[ISEA2017] Panel: Kira Decoudres, Elizabeth Demaray, Tyler Fox, Leigh M. Smith, Helene Steiner, Jordan Matthew Yerman & Adam Zaretsky — Design for the Non-Human

Panel Statement

Keywords: Non-human, Anthropocene, Design, plants, Animals, Microflora, Art

New forms of technology now support shared experiences between humans and other species and may enhance the function of non-human life forms. Design for the Non-Human, brings together artists and design- ers working on generative, agent-based artworks that either (1) allow a non-human life form to use technology in such a way that its abilities are greater than those of a non-technologically enabled member of its own species, or (2) extend the sensorium of us humans to the sensorial experiences of our companion species.

  • Kira Decoudres is a recent graduate of Science, Technology, & Digital Media Studies at Hampshire College in Amherst, Massachusetts (US). Her work ponders questions of posthuman potential and the futility of futurism through “glitched” media remixing and sensorial scrambling. At play in deCoudres’s work are themes of distortion and remix as bio-technic disruptions of embodiment.
  • Elizabeth Demaray (USA) designs listening stations for birds that play human music, fabricates alternative forms of housing for hermit crabs, and builds light-sensing robotic supports for houseplants. This last endeavor, titled The IndaPlant Project: An Act of Trans-Species Giving, entails creating moving floraborgs that utilize machine learning to allow potted plants to roam freely in a domestic environment in search of sunlight and water. A recipient of the National Studio Award from NY MOMA/P.S.1 Contemporary Art Center and the NYFA Fellowship in Sculpture, Demaray is an associate professor of fine arts and head of the sculpture concentration at Rutgers University, Camden, USA. On the Rutgers, New Brunswick, campus, she is an advisor in the Department of Aerospace and Mechanical Engineering and an advisor at the Art and Artificial Intelligence Lab in the Department of Computer Science, which is dedicated to supporting artistic practice in the fields of computer vision and machine learning.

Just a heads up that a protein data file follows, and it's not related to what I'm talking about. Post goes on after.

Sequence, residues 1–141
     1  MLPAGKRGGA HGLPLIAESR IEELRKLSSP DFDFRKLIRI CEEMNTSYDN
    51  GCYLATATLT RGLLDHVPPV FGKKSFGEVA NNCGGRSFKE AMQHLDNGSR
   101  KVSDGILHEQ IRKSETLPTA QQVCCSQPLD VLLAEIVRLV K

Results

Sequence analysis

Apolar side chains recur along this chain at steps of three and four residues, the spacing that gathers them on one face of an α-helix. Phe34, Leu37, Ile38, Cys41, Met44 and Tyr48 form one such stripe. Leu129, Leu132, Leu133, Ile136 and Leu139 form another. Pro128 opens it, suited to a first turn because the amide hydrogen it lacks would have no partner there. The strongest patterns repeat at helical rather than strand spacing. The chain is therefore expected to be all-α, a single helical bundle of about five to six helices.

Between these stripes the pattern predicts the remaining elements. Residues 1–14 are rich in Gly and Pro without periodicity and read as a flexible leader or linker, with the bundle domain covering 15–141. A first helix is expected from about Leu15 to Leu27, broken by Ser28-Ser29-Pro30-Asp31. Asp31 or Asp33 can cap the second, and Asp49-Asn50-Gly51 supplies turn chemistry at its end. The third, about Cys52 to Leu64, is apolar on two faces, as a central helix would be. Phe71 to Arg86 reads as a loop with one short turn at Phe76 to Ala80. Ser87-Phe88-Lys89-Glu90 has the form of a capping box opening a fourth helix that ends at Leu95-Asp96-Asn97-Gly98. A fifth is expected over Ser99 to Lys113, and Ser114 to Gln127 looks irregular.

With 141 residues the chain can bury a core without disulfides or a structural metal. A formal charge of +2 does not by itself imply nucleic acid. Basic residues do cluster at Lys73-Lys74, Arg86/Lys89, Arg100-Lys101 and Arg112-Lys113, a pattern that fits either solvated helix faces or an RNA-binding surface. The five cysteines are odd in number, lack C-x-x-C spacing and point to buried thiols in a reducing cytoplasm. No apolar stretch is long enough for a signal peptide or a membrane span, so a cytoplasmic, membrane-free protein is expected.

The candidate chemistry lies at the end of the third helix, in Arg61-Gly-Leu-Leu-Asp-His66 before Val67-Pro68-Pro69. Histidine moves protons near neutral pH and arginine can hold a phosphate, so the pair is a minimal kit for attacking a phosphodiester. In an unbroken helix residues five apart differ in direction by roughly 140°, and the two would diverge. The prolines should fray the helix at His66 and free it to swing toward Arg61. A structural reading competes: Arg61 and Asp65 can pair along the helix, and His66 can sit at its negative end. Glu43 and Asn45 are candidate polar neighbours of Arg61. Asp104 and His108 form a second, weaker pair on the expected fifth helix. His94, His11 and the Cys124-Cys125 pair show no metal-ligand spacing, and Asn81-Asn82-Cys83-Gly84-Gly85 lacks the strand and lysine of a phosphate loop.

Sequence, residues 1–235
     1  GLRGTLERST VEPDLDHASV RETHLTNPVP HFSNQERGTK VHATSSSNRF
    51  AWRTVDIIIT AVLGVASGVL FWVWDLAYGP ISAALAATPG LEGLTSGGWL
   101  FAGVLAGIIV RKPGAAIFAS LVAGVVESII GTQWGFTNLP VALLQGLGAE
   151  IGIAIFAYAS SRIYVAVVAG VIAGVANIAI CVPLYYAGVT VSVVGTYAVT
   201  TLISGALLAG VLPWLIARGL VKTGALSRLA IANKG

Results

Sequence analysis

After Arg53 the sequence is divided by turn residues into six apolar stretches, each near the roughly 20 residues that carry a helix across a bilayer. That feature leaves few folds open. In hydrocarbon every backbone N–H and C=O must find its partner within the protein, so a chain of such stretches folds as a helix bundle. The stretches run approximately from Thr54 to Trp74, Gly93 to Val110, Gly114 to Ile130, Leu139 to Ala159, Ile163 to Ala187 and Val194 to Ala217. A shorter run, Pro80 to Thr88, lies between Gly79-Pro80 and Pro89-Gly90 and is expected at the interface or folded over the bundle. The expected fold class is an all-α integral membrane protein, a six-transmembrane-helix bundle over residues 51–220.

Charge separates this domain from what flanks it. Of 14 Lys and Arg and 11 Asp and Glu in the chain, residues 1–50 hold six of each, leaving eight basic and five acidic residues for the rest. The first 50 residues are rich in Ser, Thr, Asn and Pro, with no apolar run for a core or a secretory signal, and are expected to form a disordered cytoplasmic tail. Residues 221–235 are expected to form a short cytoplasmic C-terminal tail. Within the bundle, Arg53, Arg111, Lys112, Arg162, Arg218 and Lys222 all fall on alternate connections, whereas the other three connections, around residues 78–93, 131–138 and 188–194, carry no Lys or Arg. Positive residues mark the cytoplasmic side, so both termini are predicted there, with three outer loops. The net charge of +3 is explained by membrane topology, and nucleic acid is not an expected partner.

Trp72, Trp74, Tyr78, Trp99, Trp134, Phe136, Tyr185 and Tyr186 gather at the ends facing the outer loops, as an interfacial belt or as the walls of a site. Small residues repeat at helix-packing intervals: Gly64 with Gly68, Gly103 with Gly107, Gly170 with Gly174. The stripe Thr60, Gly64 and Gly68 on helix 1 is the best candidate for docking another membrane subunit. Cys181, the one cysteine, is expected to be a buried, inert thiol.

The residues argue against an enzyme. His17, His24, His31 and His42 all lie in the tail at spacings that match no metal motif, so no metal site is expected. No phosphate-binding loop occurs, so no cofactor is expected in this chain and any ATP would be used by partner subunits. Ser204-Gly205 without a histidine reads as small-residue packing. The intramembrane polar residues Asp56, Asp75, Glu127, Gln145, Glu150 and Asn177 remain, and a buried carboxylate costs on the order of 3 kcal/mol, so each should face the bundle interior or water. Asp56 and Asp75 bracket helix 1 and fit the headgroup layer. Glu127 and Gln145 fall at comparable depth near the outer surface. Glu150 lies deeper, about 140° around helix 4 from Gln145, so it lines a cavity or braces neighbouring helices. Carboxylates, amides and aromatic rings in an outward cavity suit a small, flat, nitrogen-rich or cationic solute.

• Tyler Fox is an artist, researcher, technologist and educator, his work focuses on the ways in which nonhuman relations shape our experience of and relationship to the surrounding world. Fox leverages technology to create affectively rich experiences featuring living, non human organisms. His writing mobilizes philosophy and contemporary theory to consider the aesthetic potential of technology and non-human experience. Fox incorporates pedagogy into his artistic practice, using formal and informal workshops as a form of community engagement. His artwork has been shown nationally and internationally. He received a PhD from the School of Interactive Arts & Technology at Simon Fraser University, Canada, an MFA from the Elam School of Fine Arts at the University of Auckland (NZ) and bachelor’s degrees from the University of Washington, USA. He is a member of DPrime Research, an art-science nonprofit research organization. Fox is a Lecturer in Human CenteredDesign & Engineering at the University of Washington. USA tylersfox.com